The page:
One of our top priorities for the Gravois-Jefferson Historic Neighborhoods Plan is ensuring it will spur equitable investment and action in the community. In order to accomplish this, we are emphasizing community organizing and relationship building throughout this process. The “Resource Groups” are a key component of this strategy. Developed in partnership with the Steering Committee, the resource groups will form around the eight plan focus areas (listed below) to involve stakeholders in plan development, effectively increasing communication among partners, breaking down silos, building support for strategies, and sparking implementation.
Through our public process, we have learned there are key values that will be embraced in plan development and future community investment. The Community Vision Statement demonstrates this: “Our vision is for accessible, sustainable, inclusive neighborhoods where families and individuals thrive in a diverse and historically rich, engaged community.”
Key values include preservation of diversity and density, application of a racial equity lens to outreach and strategies, inclusive development that supports low-income residents.
Plan Focus Areas:
These focus areas will serve as the platforms around which resource groups are convened and plan recommendations are developed (in order of community prioritization):
- Safety and Security
- Youth and Education
- Employment and Business Development
- Housing and Community Development
- Health and Community Services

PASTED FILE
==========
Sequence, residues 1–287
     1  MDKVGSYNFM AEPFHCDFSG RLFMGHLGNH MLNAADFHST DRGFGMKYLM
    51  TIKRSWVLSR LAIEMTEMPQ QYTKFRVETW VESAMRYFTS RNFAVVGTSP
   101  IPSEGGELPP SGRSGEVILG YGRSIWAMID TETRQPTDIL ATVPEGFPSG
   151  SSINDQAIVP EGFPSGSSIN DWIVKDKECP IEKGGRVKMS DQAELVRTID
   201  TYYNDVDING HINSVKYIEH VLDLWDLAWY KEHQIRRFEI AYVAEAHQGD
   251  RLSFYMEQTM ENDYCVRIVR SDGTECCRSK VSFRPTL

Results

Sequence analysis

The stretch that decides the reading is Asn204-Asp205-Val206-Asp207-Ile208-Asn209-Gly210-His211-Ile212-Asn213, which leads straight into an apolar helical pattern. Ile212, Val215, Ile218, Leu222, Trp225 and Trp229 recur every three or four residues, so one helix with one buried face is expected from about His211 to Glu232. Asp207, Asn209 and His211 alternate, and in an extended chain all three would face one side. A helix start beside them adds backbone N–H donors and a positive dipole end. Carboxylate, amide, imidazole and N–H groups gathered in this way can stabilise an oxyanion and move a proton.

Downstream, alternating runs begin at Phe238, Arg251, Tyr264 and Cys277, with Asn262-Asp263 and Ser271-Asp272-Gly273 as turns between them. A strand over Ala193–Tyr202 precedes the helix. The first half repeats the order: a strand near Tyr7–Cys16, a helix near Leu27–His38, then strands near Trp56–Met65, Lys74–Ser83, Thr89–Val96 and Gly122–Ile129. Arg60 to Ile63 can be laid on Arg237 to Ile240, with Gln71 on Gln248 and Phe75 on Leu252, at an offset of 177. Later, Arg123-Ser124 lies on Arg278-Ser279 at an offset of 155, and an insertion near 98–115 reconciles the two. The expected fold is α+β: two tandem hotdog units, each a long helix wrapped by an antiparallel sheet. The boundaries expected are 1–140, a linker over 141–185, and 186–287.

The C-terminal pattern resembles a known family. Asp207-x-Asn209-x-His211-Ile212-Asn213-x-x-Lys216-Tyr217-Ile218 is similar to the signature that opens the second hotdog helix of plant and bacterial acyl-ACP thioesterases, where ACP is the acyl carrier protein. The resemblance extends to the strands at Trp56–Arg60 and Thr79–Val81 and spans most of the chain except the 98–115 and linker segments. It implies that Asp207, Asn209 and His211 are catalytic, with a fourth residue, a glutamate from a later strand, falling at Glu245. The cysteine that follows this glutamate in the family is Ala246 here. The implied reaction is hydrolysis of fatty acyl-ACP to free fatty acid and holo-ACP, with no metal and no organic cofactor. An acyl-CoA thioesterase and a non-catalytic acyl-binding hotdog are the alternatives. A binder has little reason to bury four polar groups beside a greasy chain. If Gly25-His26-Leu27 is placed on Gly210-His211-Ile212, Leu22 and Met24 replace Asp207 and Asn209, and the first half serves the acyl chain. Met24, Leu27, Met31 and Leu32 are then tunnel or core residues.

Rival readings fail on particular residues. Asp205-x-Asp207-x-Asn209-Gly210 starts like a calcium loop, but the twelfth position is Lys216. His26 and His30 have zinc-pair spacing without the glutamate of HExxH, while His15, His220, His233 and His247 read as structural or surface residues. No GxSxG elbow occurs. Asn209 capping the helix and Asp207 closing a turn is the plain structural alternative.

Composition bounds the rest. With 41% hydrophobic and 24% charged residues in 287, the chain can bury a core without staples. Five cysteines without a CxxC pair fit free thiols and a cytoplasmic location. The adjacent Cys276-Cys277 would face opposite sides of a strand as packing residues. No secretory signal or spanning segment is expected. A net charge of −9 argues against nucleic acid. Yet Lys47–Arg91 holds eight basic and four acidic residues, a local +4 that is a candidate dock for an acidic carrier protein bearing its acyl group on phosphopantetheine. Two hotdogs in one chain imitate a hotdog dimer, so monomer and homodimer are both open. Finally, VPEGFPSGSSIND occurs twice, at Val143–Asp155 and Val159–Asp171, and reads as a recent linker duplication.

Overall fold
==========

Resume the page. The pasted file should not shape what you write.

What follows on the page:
- Transit, Streets and Walkability
- Arts and Culture
- Environment and Ecology
Purpose of Resource Groups:
Coordinate – Consult – Act – Evaluate – Advocate
The resource groups help to involve stakeholders in plan development, effectively increasing communication among partners, breaking down silos, building support for strategies, and sparking implementation. They also connect trained practitioners with passionate community members to develop cross-scale relationships and build a platform for sustained change.
These convening of these stakeholders should be within the scope of community input (use focus area matrixes) and ask questions such as: “how does the work of your organization address community input?”, “where is this organizing already taking place?”, “who else ought to be a part of this conversation?”, and “what is the most effective collaboration model moving forward?”
Participants should include both practitioners and community leaders. The initial meeting will be based off list of proposed partners from past meetings, in addition to steering committee members who self-identified interest and other community members to be identified. Self-identified Steering Committee members will be involved in building the invitation list and meeting agenda.